Guineans in post-massacre protest

CONAKRY: Shops, markets and offices were closed Monday in Conakry and other cities after labour unions called on residents to stay home in protest at the September 28 massacre which killed at least 150 people.

Little traffic ventured onto the streets of Guinea's capital two weeks after elite troops opened fire on thousands of demonstrators protesting military rule.

Banks and service stations were also shut in Conakry.

The union call received strong backing in the southeastern town of Kissidougou. Local trader Sall Mamadou Lamarana told AFP by telephone there was "no activity" in the main market. "All the shops, as well as the banks, have shut down, and the bus station as well," he said.

In northwestern Boke, "there is no activity at the market. People have been praying in the courtyards, and youth clubs," schoolteacher Sine Magassouba said by phone.

In a statement issued last week, the main union federation called on people to observe a "day of prayer", urging them to "kneel piously before the mortal remains of the ... martyrs for democracy in Guinea," killed when soldiers opened fire on the protest in a football stadium.

Rights organisations and the United Nations say that more than 150 people were killed and 1,200 injured, while the junta led by Captain Moussa Dadis Camara puts the death toll at 56.

The trade unions asked people to "observe two days of homage and compassion and contemplation by way of protest and solidarity, on October 12 and 13."

"This means that all workers in the public, private and informal sector are invited to stay at home to pray for the memory of those felled by the bullets of the massacre of September 28," the secretary general of the National Organisation of Free Trade Unions in Guinea (ONSLG), Yamodou Toure, told AFP.

Schools were also closed, but the start of the new school year had in any case been delayed until Thursday in the wake of the violence that rocked the west African country.

On September 28, people defied a ban on protests to rally at the stadium for a demonstration to urge Camara not to stand for president in elections he has pledged to hold in January next year.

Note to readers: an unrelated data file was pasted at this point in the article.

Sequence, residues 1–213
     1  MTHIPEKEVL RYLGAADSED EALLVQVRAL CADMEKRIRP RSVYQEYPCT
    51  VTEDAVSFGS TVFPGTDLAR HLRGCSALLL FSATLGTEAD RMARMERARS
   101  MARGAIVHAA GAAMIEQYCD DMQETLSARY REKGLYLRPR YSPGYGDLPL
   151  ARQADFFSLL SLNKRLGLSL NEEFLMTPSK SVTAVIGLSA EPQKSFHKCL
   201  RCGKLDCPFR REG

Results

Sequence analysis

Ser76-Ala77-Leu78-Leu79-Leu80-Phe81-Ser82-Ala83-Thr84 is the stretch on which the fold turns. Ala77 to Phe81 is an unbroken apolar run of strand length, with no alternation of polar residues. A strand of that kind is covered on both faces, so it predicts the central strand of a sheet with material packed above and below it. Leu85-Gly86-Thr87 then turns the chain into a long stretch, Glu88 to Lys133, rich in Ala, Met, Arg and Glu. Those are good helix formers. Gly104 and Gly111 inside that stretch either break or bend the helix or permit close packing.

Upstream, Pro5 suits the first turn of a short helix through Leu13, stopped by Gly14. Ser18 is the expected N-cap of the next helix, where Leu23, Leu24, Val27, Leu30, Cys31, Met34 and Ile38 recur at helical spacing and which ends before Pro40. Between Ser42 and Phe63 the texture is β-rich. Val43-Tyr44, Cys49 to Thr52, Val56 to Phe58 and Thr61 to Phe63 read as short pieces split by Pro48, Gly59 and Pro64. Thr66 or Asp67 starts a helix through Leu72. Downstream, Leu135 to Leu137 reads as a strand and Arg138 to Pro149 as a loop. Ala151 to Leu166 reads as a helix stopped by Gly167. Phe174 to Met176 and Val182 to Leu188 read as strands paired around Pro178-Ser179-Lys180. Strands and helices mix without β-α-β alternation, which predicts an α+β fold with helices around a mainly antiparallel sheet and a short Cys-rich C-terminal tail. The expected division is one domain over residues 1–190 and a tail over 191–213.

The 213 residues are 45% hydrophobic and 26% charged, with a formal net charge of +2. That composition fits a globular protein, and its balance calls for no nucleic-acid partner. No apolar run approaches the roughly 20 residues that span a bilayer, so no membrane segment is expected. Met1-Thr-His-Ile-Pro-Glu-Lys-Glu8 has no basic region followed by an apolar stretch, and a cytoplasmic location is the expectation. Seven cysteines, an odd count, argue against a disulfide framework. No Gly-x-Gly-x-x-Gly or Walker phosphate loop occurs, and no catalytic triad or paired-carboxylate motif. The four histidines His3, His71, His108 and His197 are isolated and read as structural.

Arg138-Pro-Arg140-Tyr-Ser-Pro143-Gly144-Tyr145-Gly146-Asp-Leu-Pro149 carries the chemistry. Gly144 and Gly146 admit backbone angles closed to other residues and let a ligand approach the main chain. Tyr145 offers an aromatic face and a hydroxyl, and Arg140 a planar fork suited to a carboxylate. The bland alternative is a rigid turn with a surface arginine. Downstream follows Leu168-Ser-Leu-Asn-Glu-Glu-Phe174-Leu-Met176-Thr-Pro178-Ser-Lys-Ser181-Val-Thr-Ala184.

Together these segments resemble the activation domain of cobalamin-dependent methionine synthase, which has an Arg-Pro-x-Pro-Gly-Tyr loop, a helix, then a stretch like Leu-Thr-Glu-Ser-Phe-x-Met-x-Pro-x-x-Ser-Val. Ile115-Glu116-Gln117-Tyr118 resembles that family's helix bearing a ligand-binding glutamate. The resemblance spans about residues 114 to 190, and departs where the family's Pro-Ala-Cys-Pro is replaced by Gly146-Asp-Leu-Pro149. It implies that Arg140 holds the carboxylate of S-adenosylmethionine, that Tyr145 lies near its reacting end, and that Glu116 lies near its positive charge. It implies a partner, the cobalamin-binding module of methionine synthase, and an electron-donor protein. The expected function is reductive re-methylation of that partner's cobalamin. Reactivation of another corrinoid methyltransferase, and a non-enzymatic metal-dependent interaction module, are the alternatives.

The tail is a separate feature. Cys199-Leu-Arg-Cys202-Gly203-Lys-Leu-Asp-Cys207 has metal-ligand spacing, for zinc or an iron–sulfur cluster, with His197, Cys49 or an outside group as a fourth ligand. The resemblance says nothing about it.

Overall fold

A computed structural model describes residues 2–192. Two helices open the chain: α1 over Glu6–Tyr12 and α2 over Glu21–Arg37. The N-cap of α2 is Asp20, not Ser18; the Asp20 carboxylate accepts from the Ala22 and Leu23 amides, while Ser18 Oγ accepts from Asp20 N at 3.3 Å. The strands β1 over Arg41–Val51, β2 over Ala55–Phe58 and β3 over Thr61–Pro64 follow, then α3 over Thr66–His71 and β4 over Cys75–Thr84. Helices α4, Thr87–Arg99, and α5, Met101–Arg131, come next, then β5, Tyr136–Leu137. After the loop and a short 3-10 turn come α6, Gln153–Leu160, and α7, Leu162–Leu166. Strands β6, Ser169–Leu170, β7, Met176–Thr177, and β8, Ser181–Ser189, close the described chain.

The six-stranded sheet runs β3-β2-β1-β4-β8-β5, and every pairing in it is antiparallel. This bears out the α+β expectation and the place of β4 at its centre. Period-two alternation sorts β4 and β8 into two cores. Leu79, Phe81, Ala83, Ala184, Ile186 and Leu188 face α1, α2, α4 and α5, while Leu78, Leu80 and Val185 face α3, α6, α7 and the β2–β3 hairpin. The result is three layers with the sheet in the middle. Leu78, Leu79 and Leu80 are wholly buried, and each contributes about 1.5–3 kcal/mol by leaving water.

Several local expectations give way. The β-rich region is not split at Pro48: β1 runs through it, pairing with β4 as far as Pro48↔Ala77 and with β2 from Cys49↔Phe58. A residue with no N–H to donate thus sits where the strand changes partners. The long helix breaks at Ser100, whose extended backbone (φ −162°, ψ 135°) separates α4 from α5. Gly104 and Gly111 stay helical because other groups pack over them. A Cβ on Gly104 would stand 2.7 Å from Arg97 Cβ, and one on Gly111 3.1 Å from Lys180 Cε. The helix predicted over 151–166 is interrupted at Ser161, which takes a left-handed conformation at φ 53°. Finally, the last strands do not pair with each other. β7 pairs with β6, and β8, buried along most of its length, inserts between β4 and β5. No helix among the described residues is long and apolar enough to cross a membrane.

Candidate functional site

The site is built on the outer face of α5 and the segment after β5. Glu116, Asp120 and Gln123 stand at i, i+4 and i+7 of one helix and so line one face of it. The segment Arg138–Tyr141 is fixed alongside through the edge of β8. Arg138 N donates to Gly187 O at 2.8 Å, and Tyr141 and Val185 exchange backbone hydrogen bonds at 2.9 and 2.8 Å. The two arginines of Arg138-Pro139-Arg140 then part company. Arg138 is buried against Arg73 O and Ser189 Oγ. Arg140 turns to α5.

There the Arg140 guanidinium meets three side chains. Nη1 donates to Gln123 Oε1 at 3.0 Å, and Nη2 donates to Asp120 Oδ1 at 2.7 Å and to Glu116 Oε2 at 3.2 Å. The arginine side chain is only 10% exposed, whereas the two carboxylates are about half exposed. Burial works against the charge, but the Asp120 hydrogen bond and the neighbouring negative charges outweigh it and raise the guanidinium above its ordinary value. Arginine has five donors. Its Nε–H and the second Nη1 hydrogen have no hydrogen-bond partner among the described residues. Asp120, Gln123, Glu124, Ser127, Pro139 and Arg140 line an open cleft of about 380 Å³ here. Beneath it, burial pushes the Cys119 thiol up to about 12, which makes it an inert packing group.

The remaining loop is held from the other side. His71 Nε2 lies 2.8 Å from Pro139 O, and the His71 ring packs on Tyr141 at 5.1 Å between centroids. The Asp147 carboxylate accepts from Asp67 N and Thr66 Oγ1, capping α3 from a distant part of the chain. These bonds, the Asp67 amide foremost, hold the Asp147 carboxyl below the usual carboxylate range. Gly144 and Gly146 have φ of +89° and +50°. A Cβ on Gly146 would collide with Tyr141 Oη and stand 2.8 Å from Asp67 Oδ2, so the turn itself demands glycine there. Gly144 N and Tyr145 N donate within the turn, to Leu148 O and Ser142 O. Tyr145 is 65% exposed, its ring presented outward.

The killings began after presidential guard troops arrived in the stadium, but Camara has denied responsibility and declared himself "very, very sorry" for the slaughter.

The junta has been strongly condemned by the United Nations, the African Union, the European Union, former colonial power France, the United States and a slew of other countries.

On September 18, the African Union gave the junta and its leader Camara one month to make a written commitment not to stand in the elections scheduled for the end of January or face "appropriate sanctions."

AU commission president Jean Ping said Sunday on the sidelines of a climate change forum in Ouagadougou that "the process is in hand," but added that the AU would discuss "the nature of sanctions in liaison with the international community."

Ping said the Economic Community of West African States (ECOWAS), meeting Monday in the Nigerian capital Abuja, would decide what measures it wanted to take against Guinea, which is a member state.

"We're working in tandem with ECOWAS," Ping added. "We need a joint stance with ECOWAS."

ECOWAS commission head Mohamed Ibn Chambas last week met Burkina Faso President Blaise Compaore, whom the regional body has appointed to mediate on the Guinea crisis in the wake of the massacre.

Amid mounting international pressure on Camara, rights groups have also reported many cases of rape and other abuses at the stadium.